The answer to the question above is yes. In order to understand this claim, we can look at the following example, which focuses on math.

In many cases mathematical errors provide us information. For example, if we look at a statistical study, because of the existing inaccuracy caused by sampling, there will always be an error range.

Plato once defined knowledge as *” a ***justified true belief**.”

In the case of an statistical study, we could consider the error the true belief. We can justify it’s veracity with the following statement. The error exists due to an inaccuracy in the mathematical results, originated because not all of the possible/available data were used to do the calculations and obtain the study’s results.

In this example, the error provides us information about the reliability of the study.

At first, we may consider the truth, however we may consider there is a “Lie” or within this truth based on it’s inaccuracy, which would be the error, as the study does not perfectly reflect reality. Nonetheless, the error can provide some truth about this inaccuracy and therefore, the reliability of the study. Hence, yes, we may gain knowledge and information from a lie ( the error).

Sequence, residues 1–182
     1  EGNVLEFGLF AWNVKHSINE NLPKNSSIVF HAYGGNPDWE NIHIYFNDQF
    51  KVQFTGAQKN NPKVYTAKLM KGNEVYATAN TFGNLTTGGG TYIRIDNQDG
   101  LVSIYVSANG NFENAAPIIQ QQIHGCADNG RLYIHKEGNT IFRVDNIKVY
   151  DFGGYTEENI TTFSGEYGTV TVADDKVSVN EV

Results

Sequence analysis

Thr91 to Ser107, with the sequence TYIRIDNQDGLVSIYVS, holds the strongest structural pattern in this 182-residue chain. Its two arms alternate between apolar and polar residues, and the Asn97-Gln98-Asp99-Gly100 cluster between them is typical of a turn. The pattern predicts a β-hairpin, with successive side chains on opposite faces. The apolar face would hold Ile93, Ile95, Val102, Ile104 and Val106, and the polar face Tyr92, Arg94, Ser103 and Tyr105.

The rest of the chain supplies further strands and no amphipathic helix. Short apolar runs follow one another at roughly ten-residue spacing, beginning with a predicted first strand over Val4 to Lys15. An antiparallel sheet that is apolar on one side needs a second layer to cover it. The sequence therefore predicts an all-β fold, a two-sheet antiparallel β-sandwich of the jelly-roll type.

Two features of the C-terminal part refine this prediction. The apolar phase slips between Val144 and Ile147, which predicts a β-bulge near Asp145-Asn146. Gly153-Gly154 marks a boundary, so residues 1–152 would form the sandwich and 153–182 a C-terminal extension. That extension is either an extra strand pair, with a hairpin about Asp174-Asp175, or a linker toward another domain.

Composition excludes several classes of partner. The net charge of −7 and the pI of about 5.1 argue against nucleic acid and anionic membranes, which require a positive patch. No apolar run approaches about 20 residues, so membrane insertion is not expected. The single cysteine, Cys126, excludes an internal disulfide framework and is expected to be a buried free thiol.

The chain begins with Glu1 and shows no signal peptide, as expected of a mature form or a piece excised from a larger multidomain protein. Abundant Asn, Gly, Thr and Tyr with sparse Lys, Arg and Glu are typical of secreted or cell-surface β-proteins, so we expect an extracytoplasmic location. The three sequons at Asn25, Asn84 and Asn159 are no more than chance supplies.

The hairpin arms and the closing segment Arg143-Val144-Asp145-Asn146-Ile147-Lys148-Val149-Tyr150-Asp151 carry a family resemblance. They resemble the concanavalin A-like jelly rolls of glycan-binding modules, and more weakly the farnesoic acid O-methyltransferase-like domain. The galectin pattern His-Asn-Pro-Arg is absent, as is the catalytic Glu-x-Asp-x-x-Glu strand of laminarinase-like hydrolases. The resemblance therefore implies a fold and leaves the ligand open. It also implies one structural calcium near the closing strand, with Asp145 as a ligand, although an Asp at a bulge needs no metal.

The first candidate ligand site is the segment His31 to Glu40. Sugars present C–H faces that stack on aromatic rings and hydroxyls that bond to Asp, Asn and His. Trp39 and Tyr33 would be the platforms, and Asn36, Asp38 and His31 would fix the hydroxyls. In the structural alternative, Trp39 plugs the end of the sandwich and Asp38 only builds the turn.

* *http://www.friesian.com/knowledg.htm

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Hi Alma,

This is a fantastic and very original piece of writing. Very interesting.

Try to use real life examples that you can quote, eg, make reference to a real study.

Try to take implications from your conclusions. In mathematics we can, but what about (insert a different AOK)?

4. The post uses ToK terminology successfully with strong links to ToK content and contains a KQ

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